An appraisal made by a gallery or an auction house: conflict of interests

We see more and more art galleries ( who are art merchants in reality ) and auction houses offering "free art appraisal" without being concerned by the authenticity of an artwork. Indeed, making an art appraisal without having a certificate of authenticity (C.O.A.) doesn't make much sense. How can an appraiser give an art appraisal without the certainty that the artwork is authentic? An honest art appraiser will never appraise an artwork if he is sure that the artwork is fake, he should refuse to give an art appraisal. A customer wants to know the value of an artwork asap. An appraiser will give the customer a value for the artwork, assuming that the artwork is authentic, and will mention this reserve in his appraisal. A simple art appraisal can be made in a reasonable period, usually a couple of hours. Auction data for artworks are available almost for each artist painter, sculptor, photographer. A good art expert will compare the artwork he has to appraise with works sold in auction, the same subject, the same period of creation, the same quality. Besides these elements, he will consider the history of the artwork's provenance and the state of conservation of an artwork. ( I will explain this state of conservation in another chapter, what it is about, and how important it is). Some pretend that an art appraisal without a C.O.A. doesn't make sense. If an art appraisal expert wants to be sure that an art appraisal includes the authenticity, he will need to wait to have a response from the "sole recognized universal authentication expert" for some artist up to 5 or 6 months to obtain such a C.O.A. For example, the " Chagall Comite " in Paris has only two sessions a year where they will meet to recognize an artwork as authentic. I didn't mention the costs related to this for the art appraiser himself: time, meetings with the sole recognized authentication expert for an artist, the fee charged by these foundations or recognized experts etc. In conclusion about this part of the problem, an art appraiser will give the customer an estimate of the value of the analyzed artwork, under the reserve that the artwork is authentic. A customer can't wait for 5 6 months to know the possible value of his artwork. The certificate of authenticity (C.O.A.) or an art appraisal made by a gallery generates a conflict of interest. The art appraisal made by a gallery that sells you an artwork will almost always be higher than the price you pay the gallery for that painting. Ask instead for an art appraisal made by a reputable expert before to buy the artwork definitely. A C.O.A., made by a gallery for a painting that they sell to a customer, is obviously in conflict of interests. They will never tell you that the painting you buy $ 100,000 is in reality, a fake. Often they will write in the bill of sale: a work "attributed to" which will avoid them to be sued, because an attribution is not a certitude it was made by the hand of. There is an exception: Some rare galleries were the exclusive sellers for an artist, like Castelli started in 1949 with Willem De Kooning, Vollard for Picasso etc. If you have a C.O.A. made by these galleries it supposed not to suffer any contest, "BUT" I always advise hiring a reputable expert who will verify the concordance between the C.O.A. and the artwork the gallery sells. Anecdote: A couple of years ago, a famous gallery in N.Y. sold a fake Renoir with an authentic C.O.A. made by Francois Daulte, the uncontested expert for Renoir. The famous N.Y. gallery had bought 10 years before the authentic Renoir with the authentic C.O.A. in a Parisian auction. The gallery sold the authentic Renoir but with a copy of the authentic C.O.A. by Daulte to a Japanese collector. 10 years later the gallery sold a copy made of the original painting with the real C.O.A. by Fr. Daulte! The Japanese owner of the authentic Renoir saw with stupefaction his own painting by Renoir offered for sale in a N.Y. auction. "A painting should always be sold by a gallery with the C.O.A. made by the sole recognized authentication expert for the artist." In conclusion my advice is: - If you buy a painting from a gallery with a C.O.A., have always the C.O.A. be reconfirmed by the actual sole recognized authentication expert.The archives of the expert will immediately detect if there is some fraud going on. - If you buy a painting from a gallery with a C.O.A. older than 6 months, request from the gallery an updated C.O.A. from the sole recognized expert. The expert may have been changed and does not necessarily agrees with the former recognized expert. -If you buy from a gallery a painting with an important value, "always" request the assistance of a reputable expert. There are so many scandals going on in galleries, for example. a N.Y. gallery ( one of the oldest in the country) selling fake Jackson Pollock paintings for $65M when they were painted recently by a Chinese man in his garage for a couple thousand of $..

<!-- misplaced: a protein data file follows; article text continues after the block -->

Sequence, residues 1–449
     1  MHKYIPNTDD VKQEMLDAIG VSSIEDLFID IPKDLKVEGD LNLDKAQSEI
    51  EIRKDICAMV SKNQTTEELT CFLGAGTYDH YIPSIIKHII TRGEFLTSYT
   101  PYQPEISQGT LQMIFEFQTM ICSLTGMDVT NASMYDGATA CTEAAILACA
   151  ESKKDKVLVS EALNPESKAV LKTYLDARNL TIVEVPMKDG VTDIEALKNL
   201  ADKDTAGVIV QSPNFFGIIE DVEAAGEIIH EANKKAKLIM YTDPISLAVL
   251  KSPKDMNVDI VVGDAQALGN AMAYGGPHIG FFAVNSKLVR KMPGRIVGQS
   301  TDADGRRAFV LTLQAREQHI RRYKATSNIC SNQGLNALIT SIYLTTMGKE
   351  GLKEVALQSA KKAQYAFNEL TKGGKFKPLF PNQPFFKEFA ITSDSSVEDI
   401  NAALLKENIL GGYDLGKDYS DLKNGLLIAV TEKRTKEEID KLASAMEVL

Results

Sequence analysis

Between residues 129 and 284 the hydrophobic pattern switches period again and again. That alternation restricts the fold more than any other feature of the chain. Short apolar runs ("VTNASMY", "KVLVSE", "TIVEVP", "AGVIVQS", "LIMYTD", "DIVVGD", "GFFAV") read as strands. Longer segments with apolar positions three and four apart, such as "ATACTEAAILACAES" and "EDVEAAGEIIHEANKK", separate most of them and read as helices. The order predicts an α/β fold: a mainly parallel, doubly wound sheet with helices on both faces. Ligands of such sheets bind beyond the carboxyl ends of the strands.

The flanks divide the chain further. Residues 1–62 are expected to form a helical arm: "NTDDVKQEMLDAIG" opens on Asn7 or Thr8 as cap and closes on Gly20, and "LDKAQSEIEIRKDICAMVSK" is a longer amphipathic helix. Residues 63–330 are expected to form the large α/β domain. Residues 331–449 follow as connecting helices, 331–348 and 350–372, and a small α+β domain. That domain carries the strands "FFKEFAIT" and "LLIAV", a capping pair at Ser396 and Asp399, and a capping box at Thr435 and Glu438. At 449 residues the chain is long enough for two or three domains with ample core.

An appraisal made by a gallery or an auction house: conflict of interests

We see more and more art galleries ( who are art merchants in reality ) and auction houses offering "free art appraisal" without being...